Mentions: Single-cell suspensions of thymocytes were incubated on ice with saturating concentrations of the following antibodies: Fig. 1, anti-CD8–FITC, anti-TCR–PE (PharMingen, San Diego, CA), and anti-CD4–Red613 (GIBCO BRL, Gaithersburg, MD); Figs. 2 and 4, anti-TCR–FITC (H57-597), anti-CD4–PE (Boehringer-Mannheim, Mannheim, Federal Republic of Germany), and anti-CD8–Red613 (GIBCO BRL, Gaithersburg, MD). The samples were analyzed on a FACScan® using LYSYS II software (Becton Dickinson, Mountain View, CA).

Bottom Line: Interactions between major histocompatibility complex (MHC) molecules expressed on stromal cells and antigen-specific receptors on T cells shape the repertoire of mature T lymphocytes emerging from the thymus.The quantitative impact of negative selection on the potentially available repertoire is currently unknown.To address this issue, we have constructed radiation bone marrow chimeras in which MHC molecules are present on radioresistant thymic epithelial cells (to allow positive selection) but absent from radiosensitive hematopoietic elements responsible for negative selection.

View Article: PubMed Central - PubMed

Affiliation: Ludwig Institute for Cancer Research, University of Lausanne, Epalinges, Switzerland.

ABSTRACT
Interactions between major histocompatibility complex (MHC) molecules expressed on stromal cells and antigen-specific receptors on T cells shape the repertoire of mature T lymphocytes emerging from the thymus. Some thymocytes with appropriate receptors are stimulated to undergo differentiation to the fully mature state (positive selection), whereas others with strongly autoreactive receptors are triggered to undergo programmed cell death before completing this differentiation process (negative selection). The quantitative impact of negative selection on the potentially available repertoire is currently unknown. To address this issue, we have constructed radiation bone marrow chimeras in which MHC molecules are present on radioresistant thymic epithelial cells (to allow positive selection) but absent from radiosensitive hematopoietic elements responsible for negative selection. In such chimeras, the number of mature thymocytes was increased by twofold as compared with appropriate control chimeras This increase in steady-state numbers of mature thymocytes was not related to proliferation, increased retention, or recirculation and was accompanied by a similar two- to threefold increase in the de novo rate of generation of mature cells. Taken together, our data indicate that half to two-thirds of the thymocytes able to undergo positive selection die before full maturation due to negative selection.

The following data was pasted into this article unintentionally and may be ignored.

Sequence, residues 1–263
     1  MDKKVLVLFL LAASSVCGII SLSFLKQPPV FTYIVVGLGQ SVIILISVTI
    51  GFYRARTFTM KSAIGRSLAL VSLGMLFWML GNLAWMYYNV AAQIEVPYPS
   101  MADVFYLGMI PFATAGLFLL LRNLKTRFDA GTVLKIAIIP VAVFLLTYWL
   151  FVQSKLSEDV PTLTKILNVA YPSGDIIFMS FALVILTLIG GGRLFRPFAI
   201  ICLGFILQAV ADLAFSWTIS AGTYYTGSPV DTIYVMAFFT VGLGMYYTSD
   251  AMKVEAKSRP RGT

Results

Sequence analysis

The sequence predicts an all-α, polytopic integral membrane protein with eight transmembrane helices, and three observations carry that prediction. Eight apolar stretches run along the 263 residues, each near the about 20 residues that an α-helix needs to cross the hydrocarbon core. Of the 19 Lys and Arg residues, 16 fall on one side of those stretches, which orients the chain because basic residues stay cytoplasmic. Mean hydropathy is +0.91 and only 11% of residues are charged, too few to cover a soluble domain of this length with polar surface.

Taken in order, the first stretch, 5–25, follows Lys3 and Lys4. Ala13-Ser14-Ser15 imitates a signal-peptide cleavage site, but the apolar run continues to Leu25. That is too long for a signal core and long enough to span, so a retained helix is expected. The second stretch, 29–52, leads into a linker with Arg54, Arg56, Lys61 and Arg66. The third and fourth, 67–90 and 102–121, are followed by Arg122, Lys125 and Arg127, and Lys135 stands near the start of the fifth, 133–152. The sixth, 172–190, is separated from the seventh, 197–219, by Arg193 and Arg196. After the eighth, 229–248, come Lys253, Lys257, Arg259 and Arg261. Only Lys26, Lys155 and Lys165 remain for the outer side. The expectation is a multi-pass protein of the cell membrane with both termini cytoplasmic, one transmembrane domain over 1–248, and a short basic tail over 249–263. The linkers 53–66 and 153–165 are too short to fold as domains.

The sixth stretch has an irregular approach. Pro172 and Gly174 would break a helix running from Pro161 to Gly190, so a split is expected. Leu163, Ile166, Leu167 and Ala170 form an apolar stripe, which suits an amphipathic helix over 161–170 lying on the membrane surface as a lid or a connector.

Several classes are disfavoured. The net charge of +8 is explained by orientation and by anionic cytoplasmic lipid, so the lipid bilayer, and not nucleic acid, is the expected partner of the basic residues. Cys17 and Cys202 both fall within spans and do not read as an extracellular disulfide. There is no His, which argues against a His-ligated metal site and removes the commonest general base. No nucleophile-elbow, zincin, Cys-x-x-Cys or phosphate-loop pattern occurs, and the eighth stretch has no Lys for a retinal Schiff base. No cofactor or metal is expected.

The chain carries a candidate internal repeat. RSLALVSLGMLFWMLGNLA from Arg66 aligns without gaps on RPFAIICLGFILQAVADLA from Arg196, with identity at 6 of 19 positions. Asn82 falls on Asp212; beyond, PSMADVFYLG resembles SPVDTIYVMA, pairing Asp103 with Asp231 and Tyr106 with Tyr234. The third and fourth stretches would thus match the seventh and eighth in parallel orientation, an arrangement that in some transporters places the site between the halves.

Show MeSH
Related in: MedlinePlus